The Q Control is Fossil’s first to include a heart-rate monitor, but it lacks other essential fitness features
- Looks good
- Google Assistant
- Plenty of Android Wear apps
- Poor battery life
- No GPS
- No NFC
Fossil’s Q Control is a sophisticated-looking Android Wear smartwatch, and the brand’s first to include a heart-rate monitor. Thanks to this new feature for the fitness-minded, it’s been labelled as a “Sport Smartwatch” on the company’s website. But how does it stack up against other sports-orientated smartwatches such as the Apple Watch, Samsung Gear Sport and Huawei Watch 2?
Fossil Q Control review: What you need to know
The Fossil Q Control runs Android Wear and is compatible with phones running Android version 4.3 and iOS 9 onwards. It has a full-colour 1.4in OLED display, 4GB of internal storage and an optical heart-rate sensor, which regularly measures your heart rate throughout the day. The watch is waterproof to 5ATM, so you can wear it in the shower or when you go for a swim, and it is possible to track swims via third-party apps you can download from Google Play. It has no GPS, so if you want to track runs accurately you’ll need to take your phone too. Because it runs Android Wear, you can use Google Play Music to store music offline and Google Assistant to send messages, get directions and check your schedule for the day. The watch doesn’t support contactless payments via NFC.
Fossil Q Control review: Price and competition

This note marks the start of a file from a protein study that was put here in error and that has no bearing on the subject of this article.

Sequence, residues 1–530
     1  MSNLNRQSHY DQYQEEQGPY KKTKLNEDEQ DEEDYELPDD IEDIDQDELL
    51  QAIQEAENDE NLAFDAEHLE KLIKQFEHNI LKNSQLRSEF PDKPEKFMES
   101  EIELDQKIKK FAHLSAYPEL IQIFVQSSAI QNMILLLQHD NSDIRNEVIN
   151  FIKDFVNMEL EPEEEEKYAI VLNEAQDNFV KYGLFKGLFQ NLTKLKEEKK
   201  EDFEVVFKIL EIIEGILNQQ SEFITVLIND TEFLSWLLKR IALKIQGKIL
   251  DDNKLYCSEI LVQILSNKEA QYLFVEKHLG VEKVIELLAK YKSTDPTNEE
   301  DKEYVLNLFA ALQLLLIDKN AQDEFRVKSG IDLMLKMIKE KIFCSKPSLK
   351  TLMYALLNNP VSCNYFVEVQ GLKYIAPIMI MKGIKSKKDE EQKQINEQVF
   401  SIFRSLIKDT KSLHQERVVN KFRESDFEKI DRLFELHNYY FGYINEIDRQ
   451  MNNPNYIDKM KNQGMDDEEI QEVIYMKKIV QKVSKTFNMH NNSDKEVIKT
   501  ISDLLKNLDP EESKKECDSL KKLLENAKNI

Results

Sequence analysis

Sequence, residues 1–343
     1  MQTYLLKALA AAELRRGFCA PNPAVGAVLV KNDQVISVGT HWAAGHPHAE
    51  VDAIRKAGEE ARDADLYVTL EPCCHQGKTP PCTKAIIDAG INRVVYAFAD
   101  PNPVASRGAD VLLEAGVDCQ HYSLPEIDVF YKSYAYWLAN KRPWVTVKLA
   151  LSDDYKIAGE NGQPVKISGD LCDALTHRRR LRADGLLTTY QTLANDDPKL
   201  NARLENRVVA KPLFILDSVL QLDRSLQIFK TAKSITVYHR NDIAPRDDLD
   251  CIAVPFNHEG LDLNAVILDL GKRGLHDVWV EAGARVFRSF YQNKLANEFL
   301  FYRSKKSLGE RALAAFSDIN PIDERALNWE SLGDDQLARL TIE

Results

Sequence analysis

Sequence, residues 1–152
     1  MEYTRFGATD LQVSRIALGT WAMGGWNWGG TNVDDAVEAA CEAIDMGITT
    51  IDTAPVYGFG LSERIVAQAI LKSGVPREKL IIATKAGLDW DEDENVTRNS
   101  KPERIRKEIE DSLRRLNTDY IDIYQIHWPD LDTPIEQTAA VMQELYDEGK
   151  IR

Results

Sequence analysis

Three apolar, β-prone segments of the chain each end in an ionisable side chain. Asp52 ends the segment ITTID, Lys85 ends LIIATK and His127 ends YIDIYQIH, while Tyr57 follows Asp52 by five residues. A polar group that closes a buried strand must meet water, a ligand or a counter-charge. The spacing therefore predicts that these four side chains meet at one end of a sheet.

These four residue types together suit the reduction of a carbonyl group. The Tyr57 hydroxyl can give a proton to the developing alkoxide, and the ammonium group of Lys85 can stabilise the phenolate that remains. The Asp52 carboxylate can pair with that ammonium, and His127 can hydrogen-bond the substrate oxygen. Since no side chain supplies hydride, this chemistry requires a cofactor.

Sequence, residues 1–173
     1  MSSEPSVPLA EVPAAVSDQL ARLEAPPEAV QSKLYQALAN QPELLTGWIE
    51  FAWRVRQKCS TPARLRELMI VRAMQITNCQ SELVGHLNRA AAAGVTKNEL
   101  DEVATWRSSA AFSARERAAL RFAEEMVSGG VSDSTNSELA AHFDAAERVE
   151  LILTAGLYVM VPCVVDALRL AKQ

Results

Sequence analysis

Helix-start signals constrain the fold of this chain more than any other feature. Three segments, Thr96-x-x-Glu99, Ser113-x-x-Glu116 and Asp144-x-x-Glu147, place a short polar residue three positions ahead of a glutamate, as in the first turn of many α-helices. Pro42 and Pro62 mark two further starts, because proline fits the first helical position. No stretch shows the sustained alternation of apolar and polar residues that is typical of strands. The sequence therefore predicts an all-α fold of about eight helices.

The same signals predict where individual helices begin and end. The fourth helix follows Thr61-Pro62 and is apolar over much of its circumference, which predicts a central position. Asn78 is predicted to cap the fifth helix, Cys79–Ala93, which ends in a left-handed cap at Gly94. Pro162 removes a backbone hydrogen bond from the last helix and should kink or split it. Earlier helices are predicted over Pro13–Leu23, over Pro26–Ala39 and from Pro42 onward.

Bearing in mind its £280 price tag, the Q Control’s main competition comes from our favourite smartwatch and fitness tracker, the Apple Watch Series 3, which is a smidge more expensive at £329. Other rival devices include the Huawei Watch 2, which also runs Android Wear and costs £10 less, despite being packed with many more features including GPS, NFC and offline music storage. Samsung’s Gear Sport – which runs Tizen rather than Android Wear – is also a similar price, and comes with GPS, NFC and offline music storage.
Fossil Q Control review: Design
The Fossil Q Control is a pretty nice-looking watch. It has a chunky steel metal casing that exudes a certain amount of style and sophistication – just as you’d expect from a brand that’s associated with fashion accessories.
Once it was on my wrist, however, I was rather less enthusiastic about this particular attribute: it feels both weighty and somewhat uncomfortable. The size isn’t a deal breaker per se – it doesn’t feel a whole lot bigger or heavier than the Samsung Gear Sport, for example – but there are plenty of other wearables I’d rather run with, which isn’t exactly the greatest endorsement for a sports watch. The optical heart-rate sensor does at least sit flush with the back of the casing, meaning it won’t become any more uncomfortable when you leave it on your wrist for hours at a time.
To control the smartwatch, there’s the 1.4in full-colour OLED touchscreen and one button on the right side, which lets you hop between the app drawer and the homescreen. The screen’s 450 x 450-pixel resolution looks good, but an air gap between the front glass panel and the display means that it falls short of greatness.
Another method of navigation comes via the watch’s “virtual touch bezel”, which lets you scroll through apps, notifications or emails without swiping up and down on the touchscreen. In theory, this should be a nice touch (excuse the pun), but I rarely found myself using it, not least because my hand sometimes ended up obscuring the screen. Garmin found an excellent workaround for this problem with the Vivoactive 3, placing a touch panel on the side of the casing.